What I learned Reading 'Tuesdays With Morrie'

mitch malcolm

“Don’t let your dreams turn sour. Don’t trade your dreams for a bigger paycheck.” - Morrie

I have been lucky. I have had teachers who had immense positive impacts in my life. Not just teachers, they were my guides for the life ahead of me. They instilled in me the confidence to pursue my hobby wholeheartedly. Their occasional praises encouraged me to no end. They were my mentors- some of them proud of me; I strived hard to be a favorite. I’m lucky, really lucky. My first job today as a Java Developer took roots as early as class nine, when I realized my love for programming and coding, thanks to my teacher. His role in my life has been crucial indeed. And my lifelong love for writing and literature and language of any kind; I owe it to my school teachers yet again who made me love poetry, find meaning in superfluous words, and come to like Shakespearean plays. I owe it to them.

Reading ‘Tuesdays With Morrie’ made me reminisce all those schooling days in the quaint little town of Keonjhar. I loved my days there- my friends, the school, the church, the cycle ride to Computer and English tuitions. I loved Literature classes- every new idea that I encountered, the very prospect of learning or even coming across a new thought excited me. I was quiet then, as I am now too, but my mind was a whirlpool of thoughts. Looking back life seemed perfect.

In the book, the author Mitch visits his dying professor after decades. He has lost contact with him busy with career and family and has forgotten to keep his promise of being in contact. Over several Tuesdays, through his visits and their conversations he learns some of the life’s greatest lessons. The chapters made you smile with joy, cry with emotion, and most importantly they make you wonder about the way you lead your life. This is a memoir that one should read, it’s worth it, trust me.

They say one should have at least one friend who is 15 years older and another who is 15 years younger. Both do him a lot of good. My favorite among Morrie’s teachings is the one that you read in the start of this piece. I still confuse over money and dreams; obedience and courage; the certainty of a secure job and the uncertainty of dreams. Another teaching close to my heart is ‘Create your own culture.’ Be it a ritual fundamental to you, a theory you believe in, the community of learners you have faith on, habits you inculcate, love you spread- create your own culture, don’t just adjust to someone else’s.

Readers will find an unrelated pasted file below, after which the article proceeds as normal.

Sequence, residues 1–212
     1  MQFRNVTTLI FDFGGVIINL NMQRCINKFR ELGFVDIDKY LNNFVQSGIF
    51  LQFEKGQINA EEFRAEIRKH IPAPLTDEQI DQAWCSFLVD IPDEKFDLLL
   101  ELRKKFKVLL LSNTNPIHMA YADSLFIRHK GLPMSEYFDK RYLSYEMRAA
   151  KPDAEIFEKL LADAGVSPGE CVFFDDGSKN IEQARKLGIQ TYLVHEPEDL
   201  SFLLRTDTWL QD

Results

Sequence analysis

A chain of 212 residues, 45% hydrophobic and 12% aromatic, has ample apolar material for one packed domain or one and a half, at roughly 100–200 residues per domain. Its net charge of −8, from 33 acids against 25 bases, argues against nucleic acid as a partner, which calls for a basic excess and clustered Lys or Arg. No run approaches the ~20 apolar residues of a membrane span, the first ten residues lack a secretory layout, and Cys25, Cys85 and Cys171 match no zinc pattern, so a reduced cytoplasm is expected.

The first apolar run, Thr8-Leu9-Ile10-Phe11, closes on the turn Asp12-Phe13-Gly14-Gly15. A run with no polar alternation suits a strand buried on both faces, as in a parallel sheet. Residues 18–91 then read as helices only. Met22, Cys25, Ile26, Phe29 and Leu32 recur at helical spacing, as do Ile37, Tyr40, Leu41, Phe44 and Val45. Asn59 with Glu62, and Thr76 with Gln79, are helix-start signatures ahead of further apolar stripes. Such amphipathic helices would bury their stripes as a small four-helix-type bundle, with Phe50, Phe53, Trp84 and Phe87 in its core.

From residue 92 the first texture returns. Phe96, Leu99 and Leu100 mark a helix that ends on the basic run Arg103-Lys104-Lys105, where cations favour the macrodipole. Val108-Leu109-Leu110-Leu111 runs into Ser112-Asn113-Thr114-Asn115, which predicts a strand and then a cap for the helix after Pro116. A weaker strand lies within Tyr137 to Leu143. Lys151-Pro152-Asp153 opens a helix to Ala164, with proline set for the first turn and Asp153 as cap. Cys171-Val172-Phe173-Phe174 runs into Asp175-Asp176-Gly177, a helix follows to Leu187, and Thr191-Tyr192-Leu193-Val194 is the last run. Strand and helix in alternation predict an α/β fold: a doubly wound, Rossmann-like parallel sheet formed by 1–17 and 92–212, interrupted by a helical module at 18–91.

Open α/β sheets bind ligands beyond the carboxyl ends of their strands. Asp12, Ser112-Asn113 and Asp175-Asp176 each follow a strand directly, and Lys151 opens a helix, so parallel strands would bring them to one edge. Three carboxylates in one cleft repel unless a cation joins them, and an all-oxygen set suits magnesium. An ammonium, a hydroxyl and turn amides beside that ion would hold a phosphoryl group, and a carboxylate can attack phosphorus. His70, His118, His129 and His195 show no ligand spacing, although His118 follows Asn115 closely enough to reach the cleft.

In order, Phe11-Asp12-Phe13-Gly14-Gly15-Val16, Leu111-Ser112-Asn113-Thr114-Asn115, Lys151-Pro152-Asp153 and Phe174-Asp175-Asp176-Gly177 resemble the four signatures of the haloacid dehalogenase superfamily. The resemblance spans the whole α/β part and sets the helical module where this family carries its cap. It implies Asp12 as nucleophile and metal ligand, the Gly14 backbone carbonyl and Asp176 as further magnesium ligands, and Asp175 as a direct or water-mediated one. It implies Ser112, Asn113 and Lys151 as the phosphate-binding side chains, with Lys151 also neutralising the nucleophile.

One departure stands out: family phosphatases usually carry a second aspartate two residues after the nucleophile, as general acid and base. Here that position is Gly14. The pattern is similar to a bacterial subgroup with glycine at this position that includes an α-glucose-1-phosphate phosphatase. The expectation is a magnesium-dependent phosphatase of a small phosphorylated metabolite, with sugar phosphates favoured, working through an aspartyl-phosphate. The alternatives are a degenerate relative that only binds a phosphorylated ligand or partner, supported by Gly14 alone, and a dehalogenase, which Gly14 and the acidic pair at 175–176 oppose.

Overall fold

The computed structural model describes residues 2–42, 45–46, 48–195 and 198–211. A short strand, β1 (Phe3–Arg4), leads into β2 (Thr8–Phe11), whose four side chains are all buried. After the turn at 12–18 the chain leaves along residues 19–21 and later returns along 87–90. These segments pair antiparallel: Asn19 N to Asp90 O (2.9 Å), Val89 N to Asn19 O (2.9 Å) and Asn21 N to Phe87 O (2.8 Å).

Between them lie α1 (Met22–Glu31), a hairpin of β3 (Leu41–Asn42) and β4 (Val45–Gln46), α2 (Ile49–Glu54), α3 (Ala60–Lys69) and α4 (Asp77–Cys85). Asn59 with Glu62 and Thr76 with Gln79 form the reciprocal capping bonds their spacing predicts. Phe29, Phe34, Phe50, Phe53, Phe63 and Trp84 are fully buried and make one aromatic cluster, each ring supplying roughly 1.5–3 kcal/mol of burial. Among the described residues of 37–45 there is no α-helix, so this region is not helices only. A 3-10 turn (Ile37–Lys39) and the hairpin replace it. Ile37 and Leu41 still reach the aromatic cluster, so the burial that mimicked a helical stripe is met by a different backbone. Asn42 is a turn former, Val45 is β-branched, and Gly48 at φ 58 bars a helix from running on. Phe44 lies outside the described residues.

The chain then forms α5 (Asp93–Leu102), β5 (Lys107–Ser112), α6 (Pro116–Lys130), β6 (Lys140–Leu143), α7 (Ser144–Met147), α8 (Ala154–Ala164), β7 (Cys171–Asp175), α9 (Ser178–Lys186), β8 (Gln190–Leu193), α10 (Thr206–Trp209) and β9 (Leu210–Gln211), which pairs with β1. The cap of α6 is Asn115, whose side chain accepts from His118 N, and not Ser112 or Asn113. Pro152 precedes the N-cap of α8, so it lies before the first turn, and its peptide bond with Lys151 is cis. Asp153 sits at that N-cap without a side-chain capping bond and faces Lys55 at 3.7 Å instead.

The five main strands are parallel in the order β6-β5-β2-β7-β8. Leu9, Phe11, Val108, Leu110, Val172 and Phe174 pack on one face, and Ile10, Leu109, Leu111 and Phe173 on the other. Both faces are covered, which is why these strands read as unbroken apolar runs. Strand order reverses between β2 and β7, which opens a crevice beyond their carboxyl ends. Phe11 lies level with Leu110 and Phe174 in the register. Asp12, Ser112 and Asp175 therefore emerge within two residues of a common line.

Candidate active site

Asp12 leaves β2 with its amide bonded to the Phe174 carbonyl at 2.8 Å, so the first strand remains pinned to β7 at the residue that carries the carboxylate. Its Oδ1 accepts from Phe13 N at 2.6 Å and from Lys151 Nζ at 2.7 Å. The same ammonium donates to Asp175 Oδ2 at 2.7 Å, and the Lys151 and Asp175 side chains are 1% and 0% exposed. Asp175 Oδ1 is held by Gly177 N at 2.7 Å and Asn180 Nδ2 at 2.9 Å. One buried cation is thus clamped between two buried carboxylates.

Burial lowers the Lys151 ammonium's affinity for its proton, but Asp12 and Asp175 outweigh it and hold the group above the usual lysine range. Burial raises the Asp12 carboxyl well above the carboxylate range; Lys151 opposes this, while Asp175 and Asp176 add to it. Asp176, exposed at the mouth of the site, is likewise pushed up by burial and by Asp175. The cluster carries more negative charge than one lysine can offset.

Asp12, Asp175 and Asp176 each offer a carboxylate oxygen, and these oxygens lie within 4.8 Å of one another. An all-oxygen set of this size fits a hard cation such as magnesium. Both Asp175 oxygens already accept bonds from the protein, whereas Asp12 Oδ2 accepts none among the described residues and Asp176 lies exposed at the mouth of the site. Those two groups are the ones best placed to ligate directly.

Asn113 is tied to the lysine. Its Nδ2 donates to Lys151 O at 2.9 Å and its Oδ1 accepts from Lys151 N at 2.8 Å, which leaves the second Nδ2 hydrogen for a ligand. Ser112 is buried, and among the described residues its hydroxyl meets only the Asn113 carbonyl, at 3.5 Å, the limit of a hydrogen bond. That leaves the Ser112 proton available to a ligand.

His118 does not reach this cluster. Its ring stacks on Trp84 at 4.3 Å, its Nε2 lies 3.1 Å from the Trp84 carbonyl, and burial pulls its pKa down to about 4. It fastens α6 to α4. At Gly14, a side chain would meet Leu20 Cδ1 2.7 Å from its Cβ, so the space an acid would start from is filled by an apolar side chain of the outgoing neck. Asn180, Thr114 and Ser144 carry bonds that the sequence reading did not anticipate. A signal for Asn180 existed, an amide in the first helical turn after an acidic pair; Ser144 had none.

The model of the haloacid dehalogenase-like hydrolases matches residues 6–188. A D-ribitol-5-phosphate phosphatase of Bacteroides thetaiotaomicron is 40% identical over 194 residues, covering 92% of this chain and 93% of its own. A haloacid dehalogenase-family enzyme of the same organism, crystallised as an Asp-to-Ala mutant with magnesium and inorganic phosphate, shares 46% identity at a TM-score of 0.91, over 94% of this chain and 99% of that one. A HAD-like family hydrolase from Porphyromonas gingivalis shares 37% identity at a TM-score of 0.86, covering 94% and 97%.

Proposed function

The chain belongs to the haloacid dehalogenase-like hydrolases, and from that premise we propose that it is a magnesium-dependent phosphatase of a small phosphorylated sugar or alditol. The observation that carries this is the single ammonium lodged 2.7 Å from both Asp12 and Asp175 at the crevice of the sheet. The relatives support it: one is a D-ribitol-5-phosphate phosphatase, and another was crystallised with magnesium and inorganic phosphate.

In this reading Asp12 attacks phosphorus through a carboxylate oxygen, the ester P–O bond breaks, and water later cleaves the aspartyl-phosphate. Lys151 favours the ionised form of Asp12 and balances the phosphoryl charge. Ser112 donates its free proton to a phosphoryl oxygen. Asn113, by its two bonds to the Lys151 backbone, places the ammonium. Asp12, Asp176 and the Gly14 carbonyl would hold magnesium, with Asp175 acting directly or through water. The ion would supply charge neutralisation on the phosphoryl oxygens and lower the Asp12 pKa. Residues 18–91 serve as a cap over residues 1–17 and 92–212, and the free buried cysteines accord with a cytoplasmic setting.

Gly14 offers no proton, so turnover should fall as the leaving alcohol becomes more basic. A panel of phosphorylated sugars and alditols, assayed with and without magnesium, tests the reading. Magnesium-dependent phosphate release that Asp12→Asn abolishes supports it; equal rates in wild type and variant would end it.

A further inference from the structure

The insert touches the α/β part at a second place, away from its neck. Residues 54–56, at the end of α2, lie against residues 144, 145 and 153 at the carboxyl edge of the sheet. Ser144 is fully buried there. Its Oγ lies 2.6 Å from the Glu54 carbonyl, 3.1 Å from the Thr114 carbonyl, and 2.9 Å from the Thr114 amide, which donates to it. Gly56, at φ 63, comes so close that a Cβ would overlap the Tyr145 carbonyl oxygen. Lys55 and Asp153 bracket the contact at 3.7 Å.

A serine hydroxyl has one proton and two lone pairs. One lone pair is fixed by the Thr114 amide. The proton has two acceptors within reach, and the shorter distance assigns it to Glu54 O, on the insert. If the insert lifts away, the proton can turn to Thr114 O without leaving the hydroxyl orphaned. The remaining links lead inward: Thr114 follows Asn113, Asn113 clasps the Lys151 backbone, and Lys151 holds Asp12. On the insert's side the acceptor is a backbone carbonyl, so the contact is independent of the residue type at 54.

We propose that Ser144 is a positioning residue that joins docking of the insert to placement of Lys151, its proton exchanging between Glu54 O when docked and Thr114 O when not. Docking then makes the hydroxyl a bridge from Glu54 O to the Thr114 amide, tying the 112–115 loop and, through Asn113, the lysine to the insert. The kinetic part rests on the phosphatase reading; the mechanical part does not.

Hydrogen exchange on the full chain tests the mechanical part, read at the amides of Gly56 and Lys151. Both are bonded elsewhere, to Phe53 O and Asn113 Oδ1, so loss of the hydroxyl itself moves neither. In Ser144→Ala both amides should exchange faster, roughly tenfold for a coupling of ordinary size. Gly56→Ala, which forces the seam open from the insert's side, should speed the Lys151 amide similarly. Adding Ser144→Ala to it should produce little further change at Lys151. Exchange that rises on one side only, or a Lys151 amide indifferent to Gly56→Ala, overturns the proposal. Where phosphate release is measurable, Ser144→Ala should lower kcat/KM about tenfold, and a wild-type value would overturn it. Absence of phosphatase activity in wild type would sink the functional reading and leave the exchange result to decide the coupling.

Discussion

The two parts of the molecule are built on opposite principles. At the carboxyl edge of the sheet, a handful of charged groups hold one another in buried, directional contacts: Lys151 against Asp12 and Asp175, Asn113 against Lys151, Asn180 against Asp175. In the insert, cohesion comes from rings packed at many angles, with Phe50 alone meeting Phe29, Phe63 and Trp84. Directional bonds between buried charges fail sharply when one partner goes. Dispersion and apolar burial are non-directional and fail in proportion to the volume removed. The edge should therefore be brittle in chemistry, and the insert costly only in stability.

I would recommend this book to every life long learner.

Wanna watch the movie too!!


Queeristan by Parmesh Sahani

  Queeristan (Amazon Link) Thanks to Audible Free Trial I listened to this amazing non-fiction on LGBTQ inclusion in Indian workplaces. Author Parmesh Sahani identifies as gay Indian, working closely with Godrej higher management and employees for years to create an inclusive workplace, both legally and in spirit. This book is a result of those years of experience, research, collaboration with individuals from difference spectrum of the society and organizations who has successfully transitioned into a queer friendly one.   Indian history is inclusive. From the Khajuraho temple architectures, to Konark to the Rig Veda, there is existing proofs even 2000 years ago of Indian inclusiveness of queer. It’s the draconian British law that criminalised it, which was scraped in 2009, came into effect once again following a sad judgement in 2013 and eventually was scraped off for good in 2018. I am in awe of the lawyers who fought this legal battle- colleagues and partners – Arundhati Katju

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